Info on Free Public Transport or Transit
Again friends, over at the New Mobility Cafe (http://newmobility.org/challenge) a great Sustran inspired series of expert exchanges, this time on Free Public Transport or Transit. I attach two of the present lot of about ten brief pieces to give you a flavor. Use your peripheral vision. Put your curiosity to work. It’s one of your best friends. Eric Britton
On Behalf Of etts@...
Sent: Tuesday, November 23, 2004 10:41 AM
I have heard that zero fares have been tried in parts of Flanders (north
Belgium). There was certainly a political push to do this, but I'm not sure if
it ever got off the ground. The public sector transport operator is De Lijn, and
they are the monopoly service provider.
Their website is www.delijn.be Although this is in Flemish, if you can read
Dutch or German you should be able to get by. In any case, there is a Contact
section which should allow you to get to someone who can help you. English is
reasonably well known there. If you have any difficulty making contact with
them, write me at etts@i... and I will talk to some people I know there.
You might also try www.eltis.org which has information on public transport
(mostly or all in Europe). There is a case study or best practice section, and
perhaps you will find something useful there.
Rome tried it for a few years (I think in the 1970's). The ridership increased a
little, but I heard that was due to people making short trips they previously
would have walked, and the derelicts using it to pass the time.
To my opinion, free travel is not a good way to go. People are generally willing
to pay something for their travel, and few people expect to get anything for
nothing. What people object to is paying for rubbish or for unpleasant
I don't know the context in Auckland, but I reckon it's not rubbish. If it's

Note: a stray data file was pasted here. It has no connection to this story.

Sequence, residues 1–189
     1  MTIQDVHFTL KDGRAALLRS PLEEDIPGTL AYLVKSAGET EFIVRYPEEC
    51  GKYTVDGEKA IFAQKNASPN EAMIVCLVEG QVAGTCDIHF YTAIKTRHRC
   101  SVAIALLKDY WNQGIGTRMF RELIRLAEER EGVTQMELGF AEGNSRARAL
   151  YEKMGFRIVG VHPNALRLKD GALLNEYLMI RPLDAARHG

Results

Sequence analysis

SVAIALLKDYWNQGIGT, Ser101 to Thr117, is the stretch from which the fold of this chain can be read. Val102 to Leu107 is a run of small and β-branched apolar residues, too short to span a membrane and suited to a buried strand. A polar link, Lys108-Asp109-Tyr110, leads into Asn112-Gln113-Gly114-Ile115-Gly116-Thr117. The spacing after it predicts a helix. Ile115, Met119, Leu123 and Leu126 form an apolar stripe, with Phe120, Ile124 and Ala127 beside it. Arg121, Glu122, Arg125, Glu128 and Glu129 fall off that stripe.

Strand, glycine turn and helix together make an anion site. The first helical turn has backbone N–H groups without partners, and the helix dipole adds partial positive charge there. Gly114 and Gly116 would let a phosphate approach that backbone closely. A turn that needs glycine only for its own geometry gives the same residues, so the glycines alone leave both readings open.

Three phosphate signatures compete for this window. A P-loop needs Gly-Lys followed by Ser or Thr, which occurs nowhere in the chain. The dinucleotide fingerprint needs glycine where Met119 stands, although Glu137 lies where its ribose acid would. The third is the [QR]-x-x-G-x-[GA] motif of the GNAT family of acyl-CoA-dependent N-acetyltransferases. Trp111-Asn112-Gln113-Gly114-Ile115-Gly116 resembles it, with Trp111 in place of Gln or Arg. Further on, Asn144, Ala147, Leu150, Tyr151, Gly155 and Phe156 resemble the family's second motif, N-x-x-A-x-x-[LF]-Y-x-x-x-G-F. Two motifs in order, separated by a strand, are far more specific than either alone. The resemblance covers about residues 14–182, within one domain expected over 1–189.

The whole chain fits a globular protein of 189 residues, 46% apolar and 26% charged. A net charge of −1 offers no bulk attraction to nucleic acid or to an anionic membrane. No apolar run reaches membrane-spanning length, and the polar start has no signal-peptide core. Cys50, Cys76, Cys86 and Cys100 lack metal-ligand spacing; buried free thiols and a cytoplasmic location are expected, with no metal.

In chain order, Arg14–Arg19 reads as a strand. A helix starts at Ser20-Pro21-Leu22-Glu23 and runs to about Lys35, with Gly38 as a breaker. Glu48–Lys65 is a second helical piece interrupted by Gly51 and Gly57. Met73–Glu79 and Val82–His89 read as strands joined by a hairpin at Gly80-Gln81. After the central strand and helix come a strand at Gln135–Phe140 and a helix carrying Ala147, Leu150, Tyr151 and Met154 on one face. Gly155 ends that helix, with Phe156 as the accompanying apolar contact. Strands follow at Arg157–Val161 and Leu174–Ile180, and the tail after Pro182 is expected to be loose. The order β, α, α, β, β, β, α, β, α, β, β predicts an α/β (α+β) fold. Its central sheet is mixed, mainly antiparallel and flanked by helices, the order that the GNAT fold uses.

reasonably OK, then why give it away for free? If people are unhappy with the
quality, spend the money on getting it right, and charge people for it. If
people feel it's not frequent enough or going to enough places, spend the money
on more buses and a redesign of the network. And charge them for it. Or bring in
demand responsive transport, and charge them only the regular bus fare for it.
If the bus services are bogged down in congestion, build a busway or take some
street space at the expense of the car. That might take political courage, but
it will have real results. If there are socially vulnerable groups, target both
subsidised tickets and suitable services for their needs, but charge realistic
fares to the majority of the population who can well afford it.
Whatever you decide, I wish you good luck on this one. But you might ask
yourself why all around the world there are very few examples anyone can give
With best wishes,
Date: Tue, 23 Nov 2004 09:47:36 +1300 (NZDT)
Subject: [sustran] Info on Free Public Transport or Transit
Recently a proposal has been floated in New Zealand's major city Auckland
for a zero fare policy coupled with a massive expansion of the bus
service. I am aware of the range of factors besides fares which
influence use of bus services.
I would be interested in knowing of any examples or evaluations of free
public transport, as the only specific example I have been able to find
is in inner-city Perth in Western Australia.
Any suggestions or pointers much appreciated
Thanks in advance for any help
Green Party in the Parliament of Aotearoa New Zealand